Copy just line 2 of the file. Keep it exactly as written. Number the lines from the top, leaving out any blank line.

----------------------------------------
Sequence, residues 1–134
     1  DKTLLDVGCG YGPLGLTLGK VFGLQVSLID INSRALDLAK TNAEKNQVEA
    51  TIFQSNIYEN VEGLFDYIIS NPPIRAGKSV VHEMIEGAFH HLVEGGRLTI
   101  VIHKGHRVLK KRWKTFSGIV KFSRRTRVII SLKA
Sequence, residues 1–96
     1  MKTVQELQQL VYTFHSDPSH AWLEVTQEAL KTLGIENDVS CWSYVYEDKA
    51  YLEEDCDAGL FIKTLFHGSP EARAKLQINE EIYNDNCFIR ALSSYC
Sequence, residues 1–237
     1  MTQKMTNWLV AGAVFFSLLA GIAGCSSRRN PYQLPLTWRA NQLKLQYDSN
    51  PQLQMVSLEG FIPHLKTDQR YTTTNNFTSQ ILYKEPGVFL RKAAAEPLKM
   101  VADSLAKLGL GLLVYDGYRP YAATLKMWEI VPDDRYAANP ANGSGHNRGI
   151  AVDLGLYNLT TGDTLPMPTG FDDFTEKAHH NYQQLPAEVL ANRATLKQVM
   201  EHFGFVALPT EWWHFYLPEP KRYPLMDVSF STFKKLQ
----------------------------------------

     1  DKTLLDVGCG YGPLGLTLGK VFGLQVSLID INSRALDLAK TNAEKNQVEA